California Gov. Gavin Newsom today (Jan. 10) proposed a state spending plan that includes a five-year funding compact with the University of California. If enacted, it would bring budget stability to UC and support critical long-term investments in educational access and excellence.
Under the plan, UC would see a 5 percent budget increase over each of the next five fiscal years, allowing the University to increase enrollment, boost resources to help underrepresented groups achieve academic success, and expand college access and affordability for struggling students and families across the state.
Newsom’s spending plan for the 2022-23 fiscal year also allocates $185M in one-time funds for climate change-related work, expanding the University’s innovation ecosystem to accelerate new technological solutions.
“The University of California is grateful to Gov. Newsom for his continued leadership and steadfast support of the University,” said UC President Michael V. Drake, M.D. “The priorities he outlined today reflect our shared commitment to expanding the positive impact the University has on the lives of all Californians.”
Newsom’s budget proposal marks the beginning of a negotiation process with the state Legislature that runs through June 15. Highlights of Newsom’s spending plan include:
- A 5 percent funding increase for UC in 2022-23, with additional 5 percent increases over each of the following four years.
- $185M in one-time funding for research and innovation to combat climate change, including the creation of new climate-focused innovation hubs, workforce development for climate-focused careers, and seed grants that will attract matching funds to accelerate projects that foster resilience and mitigate the environmental impacts of climate change.
- Significant one-time funding for energy-efficiency projects across UC campuses and critical deferred maintenance.
“We appreciate the governor’s continued investment in UC as an engine of economic mobility. The steady, reliable levels he has proposed give us the foundation we need to grow enrollment at UC without compromising the excellence of our research, teaching and public service mission,” said Cecilia Estolano, chair of the UC Board of Regents. “It allows us to do our part to educate the next generation of California’s leaders, entrepreneurs and innovators.”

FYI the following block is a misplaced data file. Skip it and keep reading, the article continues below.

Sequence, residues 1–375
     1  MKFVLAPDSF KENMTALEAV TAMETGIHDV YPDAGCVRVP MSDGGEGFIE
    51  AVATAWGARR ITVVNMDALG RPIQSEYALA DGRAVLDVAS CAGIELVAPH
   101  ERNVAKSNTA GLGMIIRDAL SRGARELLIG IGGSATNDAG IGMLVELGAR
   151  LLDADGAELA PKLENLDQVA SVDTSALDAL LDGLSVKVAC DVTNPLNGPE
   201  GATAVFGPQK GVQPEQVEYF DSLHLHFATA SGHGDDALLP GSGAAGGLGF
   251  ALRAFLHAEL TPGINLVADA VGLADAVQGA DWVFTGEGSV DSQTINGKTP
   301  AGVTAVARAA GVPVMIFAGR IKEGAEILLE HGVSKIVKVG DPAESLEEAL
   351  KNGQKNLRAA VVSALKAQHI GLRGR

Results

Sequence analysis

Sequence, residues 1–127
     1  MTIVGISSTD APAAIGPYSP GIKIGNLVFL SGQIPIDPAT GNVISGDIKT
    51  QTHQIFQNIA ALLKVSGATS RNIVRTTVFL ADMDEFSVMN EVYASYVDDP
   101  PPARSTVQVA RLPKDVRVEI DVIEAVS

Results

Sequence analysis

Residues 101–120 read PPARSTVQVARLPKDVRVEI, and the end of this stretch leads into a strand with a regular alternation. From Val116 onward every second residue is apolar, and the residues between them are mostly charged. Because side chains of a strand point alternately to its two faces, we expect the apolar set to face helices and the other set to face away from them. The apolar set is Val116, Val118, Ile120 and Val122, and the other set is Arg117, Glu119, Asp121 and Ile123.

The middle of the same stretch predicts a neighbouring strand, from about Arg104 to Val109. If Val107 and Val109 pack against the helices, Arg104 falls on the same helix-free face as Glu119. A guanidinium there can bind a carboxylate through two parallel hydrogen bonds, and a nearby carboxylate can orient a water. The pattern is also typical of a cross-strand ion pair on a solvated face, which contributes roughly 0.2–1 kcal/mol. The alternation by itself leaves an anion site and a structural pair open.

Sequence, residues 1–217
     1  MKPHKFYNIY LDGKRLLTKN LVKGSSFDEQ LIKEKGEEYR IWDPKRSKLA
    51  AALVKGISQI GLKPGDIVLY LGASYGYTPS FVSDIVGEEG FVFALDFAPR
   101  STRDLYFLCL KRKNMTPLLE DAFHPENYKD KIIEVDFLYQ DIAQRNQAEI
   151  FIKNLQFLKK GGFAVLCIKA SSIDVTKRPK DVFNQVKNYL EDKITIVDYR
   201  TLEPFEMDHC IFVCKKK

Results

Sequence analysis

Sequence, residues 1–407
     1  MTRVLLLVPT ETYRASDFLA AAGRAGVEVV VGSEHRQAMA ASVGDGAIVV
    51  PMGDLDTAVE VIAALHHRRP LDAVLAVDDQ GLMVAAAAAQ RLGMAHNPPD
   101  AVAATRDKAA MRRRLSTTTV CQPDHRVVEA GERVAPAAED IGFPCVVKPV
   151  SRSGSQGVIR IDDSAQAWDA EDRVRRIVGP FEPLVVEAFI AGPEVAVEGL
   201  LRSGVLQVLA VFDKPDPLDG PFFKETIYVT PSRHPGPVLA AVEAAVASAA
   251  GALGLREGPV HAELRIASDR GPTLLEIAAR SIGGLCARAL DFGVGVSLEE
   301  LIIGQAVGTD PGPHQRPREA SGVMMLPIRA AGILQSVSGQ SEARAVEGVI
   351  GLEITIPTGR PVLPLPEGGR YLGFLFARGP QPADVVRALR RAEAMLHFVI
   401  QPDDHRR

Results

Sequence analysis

The funding to expand climate-related innovation builds on UC’s ongoing partnership with the state to foster entrepreneurial efforts across California. In 2016, state lawmakers introduced legislation that allocated $22M to expand innovation efforts at all 10 UC campuses. That effort returned a 14-fold increase and launched more than 530 startups.
Today, UC has a strong network of incubators, accelerators and boot camps across the University. The governor’s plan to leverage the strength of that innovation ecosystem to focus on climate change is a win for California, Chair Estolano said.
“We are heartened by the governor’s confidence in UC’s cutting-edge research on climate resiliency. These resources will enable our researchers to develop the technologies, practices and policies needed to address drought, wildfires, sea level rise, clean transportation, climate smart agriculture, building decarbonization, and climate justice. UC turns ideas into planet-saving and community-building action. This will help us elevate and accelerate our work in all sectors,” Estolano said.
University leaders said they looked forward to working with state lawmakers on a spending plan that will help UC improve the lives of people across the state.
“Gov. Newsom’s budget proposal demonstrates his strong, continued dedication to furthering UC’s excellence,” President Drake said. “We look forward to continuing to partner with his administration and with the state Legislature as they finalize the budget in the months ahead.”